Review: Orbea Ordu OMP
article & images by Nick Salazar
Feb 16, 2016  hits 89,514

BB386 bottom bracket and truncated downtube shapes.

Moving backwards, things stay clean and functional. The tube shapes are straightforward and non-gimmicky. Truncated airfoils appear on the head tube and down tube, and the seat tube hugs the rear wheel nicely. That rear wheel sits in vertical dropouts, a welcome feature as well for those of us who are perpetually annoyed by horizontal drops. The down tube has three bottle bosses allowing for high or low bottle placement. There is no shortage of options of how to set up accessories on the bike.

Behind the seatpost, a custom cable stop allows you to run bare cable to the rear Omega X brake, for an incredibly clean setup that still keeps the brake very easy to access. It's a really cool solution, though again, I'm biased to like it. Of course, if you want to run a different brake, you can route housing through another hole out the side of the top tube. One more nice feature is a pair of bottle bosses on the seat tube, allowing more storage options. Orbea makes an integrated box that goes there, though not pictured as I didn't have one for my review.

Orbea has ditched Shimano's BB86 standard in favor of the newer FSA BB386 EVO standard. And yes, that is a mouthful. I'll just call it 386. The 386 standard is basically like BBRight, except it's symmetrical, keeping an 11mm cylindrical protrusion on the drive-side that BBRight doesn't use. You could also say 386 is just a wider version of PF30 - precisely 9.25mm wider on each side. PF30 and its younger brother BB30 are easily my favorite bottom bracket standards, as they're simple and basically compatible with every crank on the market. But 386 is very good as well, trading a bit of crank compabitility in favor of a wider bearing stance and increased frame stiffness.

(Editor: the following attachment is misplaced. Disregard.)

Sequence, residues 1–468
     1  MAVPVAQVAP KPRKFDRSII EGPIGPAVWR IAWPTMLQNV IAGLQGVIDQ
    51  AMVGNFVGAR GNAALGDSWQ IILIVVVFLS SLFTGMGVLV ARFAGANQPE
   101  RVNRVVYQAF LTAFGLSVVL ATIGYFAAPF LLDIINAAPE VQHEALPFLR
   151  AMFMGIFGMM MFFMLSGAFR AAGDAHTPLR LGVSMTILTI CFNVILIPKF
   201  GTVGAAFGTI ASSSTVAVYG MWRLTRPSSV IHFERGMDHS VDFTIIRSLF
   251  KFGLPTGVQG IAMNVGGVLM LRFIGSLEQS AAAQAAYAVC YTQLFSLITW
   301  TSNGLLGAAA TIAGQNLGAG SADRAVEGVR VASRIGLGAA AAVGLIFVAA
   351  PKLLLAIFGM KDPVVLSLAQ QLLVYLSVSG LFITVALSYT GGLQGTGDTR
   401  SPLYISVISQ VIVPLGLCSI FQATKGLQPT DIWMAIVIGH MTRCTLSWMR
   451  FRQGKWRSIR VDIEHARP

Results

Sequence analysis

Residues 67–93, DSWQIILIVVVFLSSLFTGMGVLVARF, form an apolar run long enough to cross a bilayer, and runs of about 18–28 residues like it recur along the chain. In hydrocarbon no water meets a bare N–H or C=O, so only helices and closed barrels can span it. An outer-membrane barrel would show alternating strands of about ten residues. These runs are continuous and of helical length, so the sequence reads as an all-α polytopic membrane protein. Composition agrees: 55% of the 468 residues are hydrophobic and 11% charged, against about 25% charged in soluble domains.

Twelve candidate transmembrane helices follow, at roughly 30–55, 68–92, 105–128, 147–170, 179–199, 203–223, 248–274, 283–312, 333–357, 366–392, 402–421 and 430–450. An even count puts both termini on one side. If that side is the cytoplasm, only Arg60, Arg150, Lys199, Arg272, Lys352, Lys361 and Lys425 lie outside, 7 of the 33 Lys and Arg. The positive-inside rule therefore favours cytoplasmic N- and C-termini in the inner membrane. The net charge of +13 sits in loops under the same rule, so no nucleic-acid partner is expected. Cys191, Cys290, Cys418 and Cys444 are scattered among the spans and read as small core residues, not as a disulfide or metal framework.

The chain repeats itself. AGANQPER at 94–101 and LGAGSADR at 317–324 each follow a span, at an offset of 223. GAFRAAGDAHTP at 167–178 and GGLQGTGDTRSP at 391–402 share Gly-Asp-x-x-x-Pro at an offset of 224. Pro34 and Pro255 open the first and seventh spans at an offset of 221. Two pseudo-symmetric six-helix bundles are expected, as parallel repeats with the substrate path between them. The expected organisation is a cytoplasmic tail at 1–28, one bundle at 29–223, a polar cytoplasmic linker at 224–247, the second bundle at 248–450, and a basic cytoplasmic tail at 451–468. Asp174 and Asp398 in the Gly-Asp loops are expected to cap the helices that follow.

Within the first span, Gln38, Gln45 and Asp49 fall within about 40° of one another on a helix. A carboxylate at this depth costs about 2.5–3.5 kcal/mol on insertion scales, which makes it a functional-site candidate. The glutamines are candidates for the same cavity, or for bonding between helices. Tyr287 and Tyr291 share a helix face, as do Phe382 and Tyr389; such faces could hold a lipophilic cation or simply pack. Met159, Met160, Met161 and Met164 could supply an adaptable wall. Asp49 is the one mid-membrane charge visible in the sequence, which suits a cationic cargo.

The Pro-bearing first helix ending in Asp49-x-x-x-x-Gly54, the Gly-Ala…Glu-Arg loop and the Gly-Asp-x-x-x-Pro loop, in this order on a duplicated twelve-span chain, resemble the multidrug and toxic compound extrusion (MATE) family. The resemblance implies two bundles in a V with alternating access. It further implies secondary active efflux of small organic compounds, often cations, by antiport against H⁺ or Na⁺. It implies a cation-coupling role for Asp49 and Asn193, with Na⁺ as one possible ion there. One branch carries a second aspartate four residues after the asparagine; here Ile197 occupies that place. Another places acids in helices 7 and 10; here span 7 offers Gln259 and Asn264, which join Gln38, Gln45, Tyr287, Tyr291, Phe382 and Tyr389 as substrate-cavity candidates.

The flippable seatpost allows a variety of positions, but isn't quite as easy to use as the Ritchey SideBinder design.

The seatpost clamp is a traditional two-bolt clamshell design, perhaps the one piece of hardware I'm not super keen about. I prefer wedge-style clamps which don't add any frontal area. Regardless, this version works perfectly well and is nearly invisible to the wind itself. In another wrinkle, Orbea decided to invent its own saddle clamp solution rather than go with the industry-favorite Ritchey SideBinder. Orbea's solution is fine, but I tend to prefer the simplicity of Ritchey's single-bolt clamp, as well as the accessories that have been developed for it like XLAB's Delta Sonic.

Overall, lots of really great things on the bike, with a few minor nitpicks. Hit the jump for my conclusions.


Tags » dash,  frames,  orbea,  rigs,  servicecourse,  tririg

Orbea Ordu OMP 

The new Orbea Ordu OMP is a new bike that aims to hit modern superbike aero numbers without resorting to the increasingly-difficult mechanics of integrated parts.

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Front End 

The Ordu OMP comes stock with Omega X brakes, designed to be a perfect aero match for the entire front end complex. We also added our Alpha X bars, which blend nearly perfectly into the raised top tube.

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Details 

We finished the bike with a SRAM 1x11 drivetrain, Lightning cranks, Dash wheels, Dash saddle, and View-Speed bolt-on aero skewers. This beast is completely race-ready and 15.5 lbs as pictured (yes, including the disc wheel).

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